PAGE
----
“Right on,” I said, peeling out of the first eddy. Just like that we took off. I was amazed, having never met anybody in such a rush on the water. He remained at least 50 yards in front of me the entire run. I could see him paddling like a mad man. I efficiently used the features to keep up, but refused to paddle that fast. After the big slide, I could only think of Jess and the expression on her face as she peered into the huge hole below. I was confident she’d make the right choice and Jess H would have her back.
Just as fast as we had put on, we were done. The run took only 35 minutes to straight line at race speed. Leaping from his boat, dashing up the bank, and slipping twice, Mark was done! I followed of course. I stashed my boat under some decorative Junipers and hopped into his car to go back to the top. The tires squealed as we raced out of the gravel lot. I said to him “Boy! You must really love your wife!” He just glared at me. The ride back to the top was quiet and awkward. The kayaking was awesome, but the company, no so awesome. When we reached Jess H’s truck I hopped out and Mark said, “Later, got to go.” I tipped my helmet his way, and took a huge sigh of relief. “Wow!” I muttered, shaking off his stale attitude.
Still slightly concerned, I thought of all of the potential hazard spots I saw on the run, and Jess out there paddling nervously through it. I felt dumb separating from the group. It’s not like I would have been able to control her boat if I was there anyway, so I convinced myself to relax. I pulled into the takeout parking lot excited to greet both Jess and Jess H there, but they weren’t there… My heart sank as I raced to the water’s edge. They didn’t come and they didn’t come as I paced back and forth. You can imagine what kind of thoughts went through my head. Finally, I saw the glimmer of Jess’s shiny gold helmet bobbing around the bend. I could see her white teeth through her smile; the overwhelming feeling of relief left me feeling like a puddle of water on the side of the trail. “I only flipped over three times,” she said to me. I glanced over to Jess H, he said, “Yeah she did awesome. How was your run?” I responded with a big smile and that’s all.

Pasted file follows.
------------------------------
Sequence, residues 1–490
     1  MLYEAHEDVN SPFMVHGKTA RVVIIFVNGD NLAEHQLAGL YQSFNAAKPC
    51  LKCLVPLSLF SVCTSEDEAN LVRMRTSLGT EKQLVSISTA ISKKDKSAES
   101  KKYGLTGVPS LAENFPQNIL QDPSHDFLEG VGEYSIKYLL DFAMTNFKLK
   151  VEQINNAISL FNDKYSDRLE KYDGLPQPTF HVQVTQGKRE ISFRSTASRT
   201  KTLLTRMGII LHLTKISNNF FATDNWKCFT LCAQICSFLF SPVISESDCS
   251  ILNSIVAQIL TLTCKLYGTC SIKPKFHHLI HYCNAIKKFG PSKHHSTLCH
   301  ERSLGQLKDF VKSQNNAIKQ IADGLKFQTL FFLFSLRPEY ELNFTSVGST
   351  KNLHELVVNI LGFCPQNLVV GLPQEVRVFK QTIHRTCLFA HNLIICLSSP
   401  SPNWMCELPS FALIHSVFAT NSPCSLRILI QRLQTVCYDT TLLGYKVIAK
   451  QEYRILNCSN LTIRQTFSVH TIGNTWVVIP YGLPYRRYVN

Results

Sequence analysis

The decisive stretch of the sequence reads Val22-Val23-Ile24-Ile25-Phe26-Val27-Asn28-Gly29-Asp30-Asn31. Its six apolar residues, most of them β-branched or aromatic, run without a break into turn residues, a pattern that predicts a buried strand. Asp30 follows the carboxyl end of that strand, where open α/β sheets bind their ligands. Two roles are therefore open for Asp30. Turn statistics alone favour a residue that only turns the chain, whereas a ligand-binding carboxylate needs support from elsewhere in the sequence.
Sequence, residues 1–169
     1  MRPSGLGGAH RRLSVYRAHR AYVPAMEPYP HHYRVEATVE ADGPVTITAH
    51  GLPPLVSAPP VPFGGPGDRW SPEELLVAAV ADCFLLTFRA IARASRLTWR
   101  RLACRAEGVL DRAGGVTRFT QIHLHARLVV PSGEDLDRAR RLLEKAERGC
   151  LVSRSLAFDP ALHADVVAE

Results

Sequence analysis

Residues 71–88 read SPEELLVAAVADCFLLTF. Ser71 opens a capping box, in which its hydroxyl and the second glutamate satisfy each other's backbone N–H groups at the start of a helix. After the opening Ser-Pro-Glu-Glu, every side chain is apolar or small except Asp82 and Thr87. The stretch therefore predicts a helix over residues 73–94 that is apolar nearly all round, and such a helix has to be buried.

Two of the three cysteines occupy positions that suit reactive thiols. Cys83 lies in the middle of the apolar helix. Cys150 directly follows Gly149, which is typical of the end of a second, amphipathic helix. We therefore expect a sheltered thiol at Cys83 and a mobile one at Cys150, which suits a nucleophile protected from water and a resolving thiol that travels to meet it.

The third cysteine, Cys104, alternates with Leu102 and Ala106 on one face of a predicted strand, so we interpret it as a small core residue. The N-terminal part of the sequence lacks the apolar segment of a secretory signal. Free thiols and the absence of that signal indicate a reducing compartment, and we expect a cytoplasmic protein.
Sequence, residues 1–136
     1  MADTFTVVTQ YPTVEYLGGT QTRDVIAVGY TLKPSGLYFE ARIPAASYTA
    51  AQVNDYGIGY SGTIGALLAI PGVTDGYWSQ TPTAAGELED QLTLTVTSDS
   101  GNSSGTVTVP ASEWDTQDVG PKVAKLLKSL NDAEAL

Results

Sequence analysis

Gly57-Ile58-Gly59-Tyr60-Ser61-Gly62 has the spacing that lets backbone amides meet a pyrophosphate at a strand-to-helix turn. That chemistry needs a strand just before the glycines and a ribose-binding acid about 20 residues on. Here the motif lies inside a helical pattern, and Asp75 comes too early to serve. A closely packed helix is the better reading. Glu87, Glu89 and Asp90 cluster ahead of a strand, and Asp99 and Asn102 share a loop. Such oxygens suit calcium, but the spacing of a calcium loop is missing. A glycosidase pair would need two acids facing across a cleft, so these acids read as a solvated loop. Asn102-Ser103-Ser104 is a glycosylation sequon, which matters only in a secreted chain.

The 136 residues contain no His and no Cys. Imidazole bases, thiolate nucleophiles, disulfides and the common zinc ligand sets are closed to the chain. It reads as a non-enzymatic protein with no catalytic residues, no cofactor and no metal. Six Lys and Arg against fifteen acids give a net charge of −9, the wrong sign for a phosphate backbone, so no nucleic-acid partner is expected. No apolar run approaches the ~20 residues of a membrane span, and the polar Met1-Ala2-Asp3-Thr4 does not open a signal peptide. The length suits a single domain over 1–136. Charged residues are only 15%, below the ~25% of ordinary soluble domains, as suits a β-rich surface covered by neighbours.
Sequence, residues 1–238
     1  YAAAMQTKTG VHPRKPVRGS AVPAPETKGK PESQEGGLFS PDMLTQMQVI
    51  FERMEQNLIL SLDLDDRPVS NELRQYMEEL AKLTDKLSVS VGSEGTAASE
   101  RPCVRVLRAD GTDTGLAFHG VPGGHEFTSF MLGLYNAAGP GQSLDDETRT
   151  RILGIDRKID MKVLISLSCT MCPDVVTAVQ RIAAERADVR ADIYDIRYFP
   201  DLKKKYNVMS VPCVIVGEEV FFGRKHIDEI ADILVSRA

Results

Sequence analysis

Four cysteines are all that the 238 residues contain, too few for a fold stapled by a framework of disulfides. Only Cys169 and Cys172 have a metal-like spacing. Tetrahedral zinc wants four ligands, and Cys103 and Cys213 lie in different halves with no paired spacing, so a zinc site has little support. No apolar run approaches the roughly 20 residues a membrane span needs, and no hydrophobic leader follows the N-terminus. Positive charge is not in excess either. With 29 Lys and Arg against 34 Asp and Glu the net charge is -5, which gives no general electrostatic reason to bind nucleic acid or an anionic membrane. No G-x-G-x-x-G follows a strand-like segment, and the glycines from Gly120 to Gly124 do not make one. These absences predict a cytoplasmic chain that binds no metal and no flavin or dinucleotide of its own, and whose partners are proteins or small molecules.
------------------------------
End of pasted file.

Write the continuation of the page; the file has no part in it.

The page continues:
Happy to be reacquainted with my people, I proudly skipped back up to the truck with them by my side. Jess H asked if I was interested in taking another lap, I instantly said yes. “Perhaps we try to enjoy the scenery though?” I asked jokingly. He just shrugged, aware that I was troubled with my first paddling partner and the situation. Jess said, “I’ll run your shuttle” with a big grin.
I suppose in every situation that life throws at you, you’ll need to make sacrifices. In adventure sports the group dynamic is ever changing. Having the ability to adapt and act rationally when things get stressful will separate a good time from a bad time. Even though the added stress from the shuttle situation made the nervous tension slightly more intense, I was very proud that as a group we got through it in one piece and didn’t let Mark’s agenda ruin our trip.
Overall you couldn’t ask for a better run. Huge slide, tight technical boulder gardens, and big holes are a kayaker’s dream. I asked Jess how she felt after the Top Yough run and she simply replied, “Stressed but empowered.” It won’t be the first time I’m on somebody else’s schedule and it definitely won’t be the last. Just know, nobody will ruin my ability to have a good time on the water, even if I do have to go at mach speed.
– Adam R.